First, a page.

Megan: Thanks again for the videos. I preferred the Director’s Cut as the directions were clear. The shorter video confused me on the starting and ending points as the left half-tail was blocked from view so I couldn’t see where you started the second set of dividers. No matter as the longer video showed quite clearly how to do this.

    The website for WoodJoyTools must have been updated. Here is the new link for your DT gague: http://www.woodjoytools.com/layout/precision-dovetail-template

    Great job!
    Bruce.

  3. hkc94501

    Megan,
    Thank you for this video. I had a whole bunch of kitchen cabinet drawers to make and this video cleared up the concept better than a thousand words. After building the Anarchist’s tool chest and a couple other boxes the actual cutting of dovetails is becoming reasonably routine and accurate but laying them out has remained a puzzlement. Your video really made it easy and it made it easy to vary the ratios to get narrow pins or more or less tails. Next step will be to control the pin width to match my paring chisel.

  4. Kevinmad

    Megan

    Consider this next time. Gang-up both the front and back pieces of your chest in your vice. Run through your layout process for both boards as you did for the one shown. Now flip one board end for end, keeping the tops together, and use the marks from the one end and extend them to the other end. Flip the other and extend your layout to the fourth edge. You will now have the four boards marked out in less than half the time you were going to take – and all four layouts should match. Now cut both boards together at one time. You have just cut tails for one end of your chest in a little more time than it would take you to cut one set of tails on one piece. Flip both boards, keeping the tops together, and cut the other ends. This whole process will cut your time spent cutting tails in about half. Layout and cutting or your pins will still take about the same amount of time, but I think you will see more regularity or consistancy in both your tails and pins.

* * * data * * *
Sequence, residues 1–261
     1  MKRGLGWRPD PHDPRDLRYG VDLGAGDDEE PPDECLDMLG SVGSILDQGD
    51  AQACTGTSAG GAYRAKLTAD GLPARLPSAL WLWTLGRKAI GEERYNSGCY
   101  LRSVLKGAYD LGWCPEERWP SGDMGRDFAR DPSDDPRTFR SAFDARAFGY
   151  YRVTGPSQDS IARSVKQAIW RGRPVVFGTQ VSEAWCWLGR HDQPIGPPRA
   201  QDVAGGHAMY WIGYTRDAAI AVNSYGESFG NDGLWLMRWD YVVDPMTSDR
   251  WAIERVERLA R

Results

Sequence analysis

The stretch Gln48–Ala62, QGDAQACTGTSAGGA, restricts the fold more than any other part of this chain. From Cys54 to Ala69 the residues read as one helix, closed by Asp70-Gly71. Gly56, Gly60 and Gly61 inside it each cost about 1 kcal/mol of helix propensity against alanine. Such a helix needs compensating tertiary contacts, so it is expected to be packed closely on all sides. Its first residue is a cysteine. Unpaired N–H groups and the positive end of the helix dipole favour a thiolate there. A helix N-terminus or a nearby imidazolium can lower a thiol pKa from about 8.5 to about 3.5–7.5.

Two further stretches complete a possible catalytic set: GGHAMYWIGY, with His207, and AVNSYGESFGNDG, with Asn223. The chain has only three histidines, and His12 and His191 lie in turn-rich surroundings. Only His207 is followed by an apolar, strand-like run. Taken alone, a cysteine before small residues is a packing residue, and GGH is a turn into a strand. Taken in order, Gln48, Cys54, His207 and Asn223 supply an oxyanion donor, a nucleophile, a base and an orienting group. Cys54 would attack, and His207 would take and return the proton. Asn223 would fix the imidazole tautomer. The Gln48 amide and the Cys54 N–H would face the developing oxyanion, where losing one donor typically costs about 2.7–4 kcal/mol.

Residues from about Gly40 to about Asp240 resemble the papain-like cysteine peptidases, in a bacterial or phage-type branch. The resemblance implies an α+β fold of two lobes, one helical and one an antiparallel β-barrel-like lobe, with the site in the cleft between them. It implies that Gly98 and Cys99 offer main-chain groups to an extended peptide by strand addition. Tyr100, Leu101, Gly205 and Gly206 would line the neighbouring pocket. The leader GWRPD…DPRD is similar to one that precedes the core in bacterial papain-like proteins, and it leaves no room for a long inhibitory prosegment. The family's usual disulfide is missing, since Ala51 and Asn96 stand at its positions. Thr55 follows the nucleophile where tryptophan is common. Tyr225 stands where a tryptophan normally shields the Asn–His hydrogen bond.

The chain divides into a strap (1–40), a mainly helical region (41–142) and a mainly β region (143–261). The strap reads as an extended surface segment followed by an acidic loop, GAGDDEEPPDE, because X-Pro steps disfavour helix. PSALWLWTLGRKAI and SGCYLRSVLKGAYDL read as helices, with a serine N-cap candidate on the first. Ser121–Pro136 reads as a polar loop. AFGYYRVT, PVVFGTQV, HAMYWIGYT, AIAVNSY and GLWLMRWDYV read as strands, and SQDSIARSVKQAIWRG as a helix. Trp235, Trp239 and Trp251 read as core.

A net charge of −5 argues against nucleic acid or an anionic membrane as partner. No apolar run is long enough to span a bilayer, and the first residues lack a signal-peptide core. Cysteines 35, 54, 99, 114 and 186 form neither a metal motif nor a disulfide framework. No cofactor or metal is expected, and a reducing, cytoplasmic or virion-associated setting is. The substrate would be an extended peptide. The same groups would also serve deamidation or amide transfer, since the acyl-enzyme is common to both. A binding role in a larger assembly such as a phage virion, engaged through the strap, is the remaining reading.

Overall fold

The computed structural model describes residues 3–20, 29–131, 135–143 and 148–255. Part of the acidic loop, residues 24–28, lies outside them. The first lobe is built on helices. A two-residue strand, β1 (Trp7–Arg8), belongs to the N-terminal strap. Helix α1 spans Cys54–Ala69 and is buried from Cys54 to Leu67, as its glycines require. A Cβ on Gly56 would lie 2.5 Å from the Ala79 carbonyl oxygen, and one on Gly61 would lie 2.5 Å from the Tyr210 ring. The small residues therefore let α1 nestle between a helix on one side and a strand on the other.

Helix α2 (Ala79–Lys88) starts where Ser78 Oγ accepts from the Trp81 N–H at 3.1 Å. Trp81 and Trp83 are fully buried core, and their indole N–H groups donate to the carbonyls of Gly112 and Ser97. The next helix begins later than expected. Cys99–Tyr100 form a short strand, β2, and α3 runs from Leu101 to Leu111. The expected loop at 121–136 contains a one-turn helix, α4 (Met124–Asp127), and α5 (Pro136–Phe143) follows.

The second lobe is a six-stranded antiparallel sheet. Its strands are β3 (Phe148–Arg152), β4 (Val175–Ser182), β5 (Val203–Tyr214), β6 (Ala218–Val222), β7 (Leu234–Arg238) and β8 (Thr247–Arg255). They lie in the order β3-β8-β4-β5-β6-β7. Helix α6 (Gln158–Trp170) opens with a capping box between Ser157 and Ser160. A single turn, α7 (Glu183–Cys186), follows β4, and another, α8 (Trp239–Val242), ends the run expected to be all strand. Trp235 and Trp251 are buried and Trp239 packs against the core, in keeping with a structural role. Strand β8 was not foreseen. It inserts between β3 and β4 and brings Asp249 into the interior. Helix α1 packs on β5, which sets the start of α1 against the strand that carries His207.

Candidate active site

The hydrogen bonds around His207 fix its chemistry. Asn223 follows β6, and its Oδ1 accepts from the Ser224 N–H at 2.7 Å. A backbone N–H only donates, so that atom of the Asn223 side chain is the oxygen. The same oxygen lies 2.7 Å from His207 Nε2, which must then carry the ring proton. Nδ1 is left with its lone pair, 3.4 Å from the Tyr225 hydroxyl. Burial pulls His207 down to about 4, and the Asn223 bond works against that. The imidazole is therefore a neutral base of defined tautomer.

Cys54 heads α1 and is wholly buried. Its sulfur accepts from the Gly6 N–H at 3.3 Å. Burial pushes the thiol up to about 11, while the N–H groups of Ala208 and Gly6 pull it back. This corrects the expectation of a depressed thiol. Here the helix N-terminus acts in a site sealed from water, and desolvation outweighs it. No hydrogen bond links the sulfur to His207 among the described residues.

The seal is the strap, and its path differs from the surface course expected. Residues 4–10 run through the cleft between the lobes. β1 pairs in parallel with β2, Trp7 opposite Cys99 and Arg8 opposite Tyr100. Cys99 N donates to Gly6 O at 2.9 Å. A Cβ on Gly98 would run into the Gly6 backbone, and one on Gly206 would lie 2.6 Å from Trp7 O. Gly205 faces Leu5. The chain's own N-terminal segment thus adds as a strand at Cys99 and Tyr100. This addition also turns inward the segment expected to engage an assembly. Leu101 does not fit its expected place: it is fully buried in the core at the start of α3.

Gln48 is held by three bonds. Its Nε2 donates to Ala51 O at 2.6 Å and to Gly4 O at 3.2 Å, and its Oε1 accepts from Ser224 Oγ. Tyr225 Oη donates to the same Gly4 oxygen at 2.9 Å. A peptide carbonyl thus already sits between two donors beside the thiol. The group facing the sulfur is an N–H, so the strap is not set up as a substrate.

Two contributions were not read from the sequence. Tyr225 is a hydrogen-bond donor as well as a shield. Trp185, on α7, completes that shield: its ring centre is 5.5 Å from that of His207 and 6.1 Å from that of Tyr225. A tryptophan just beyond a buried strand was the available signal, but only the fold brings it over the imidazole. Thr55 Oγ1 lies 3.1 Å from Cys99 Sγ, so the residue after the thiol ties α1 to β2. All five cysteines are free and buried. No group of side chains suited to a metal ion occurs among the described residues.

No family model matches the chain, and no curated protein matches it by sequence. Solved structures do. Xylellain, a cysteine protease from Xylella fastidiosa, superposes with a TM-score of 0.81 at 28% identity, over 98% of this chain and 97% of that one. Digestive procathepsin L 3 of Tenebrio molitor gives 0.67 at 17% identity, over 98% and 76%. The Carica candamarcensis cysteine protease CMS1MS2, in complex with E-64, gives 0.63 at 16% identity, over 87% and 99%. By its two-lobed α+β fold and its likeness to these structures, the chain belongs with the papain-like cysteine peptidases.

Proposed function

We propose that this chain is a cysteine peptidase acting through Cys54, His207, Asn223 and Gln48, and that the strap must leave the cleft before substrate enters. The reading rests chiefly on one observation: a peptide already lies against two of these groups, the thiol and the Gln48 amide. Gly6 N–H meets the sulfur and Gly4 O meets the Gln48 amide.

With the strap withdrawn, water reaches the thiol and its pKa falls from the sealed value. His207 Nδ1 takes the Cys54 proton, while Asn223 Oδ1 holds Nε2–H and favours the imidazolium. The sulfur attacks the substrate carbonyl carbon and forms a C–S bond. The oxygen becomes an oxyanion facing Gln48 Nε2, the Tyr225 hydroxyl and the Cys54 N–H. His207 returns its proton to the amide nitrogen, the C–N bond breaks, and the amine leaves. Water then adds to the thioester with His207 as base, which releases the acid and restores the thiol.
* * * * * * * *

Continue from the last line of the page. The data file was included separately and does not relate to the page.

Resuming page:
Give it a shot, Kevin

  5. wb8nbs

    This activated my inner geek. I think I figured out how to set the second divider. Decide how many tails you want (N) and the desired pin width (W). Mark the arbitrary half pins at each end. Then measure between those marks (X). Set the second divider to: X/N + W/N.

  6. tpobrienjr

    As an armchair observer and semi-perfectionist, I have the following nit to pick:
    When using the dovetail gauge to mark a line, first put the pencil in the hole, then move the gauge to the pencil. That will eliminate the tiny registration error that happens when you align the marking gauge to the hole by eye.
    It also demonstrates the tiny bit of improved accuracy you get with divider instead of pencil.
    Nice video, Megan.

    1. Megan Fitzpatrick Post author

      Your are, of course, correct – and typically, I’ll drop my marking knife in the pin hole then move my DT gauge against it. But the knife lines don’t show up too well in video. (And one could argue that a slight variation adds to the hand-cut look…but this one won’t, because it’s bourbon time!)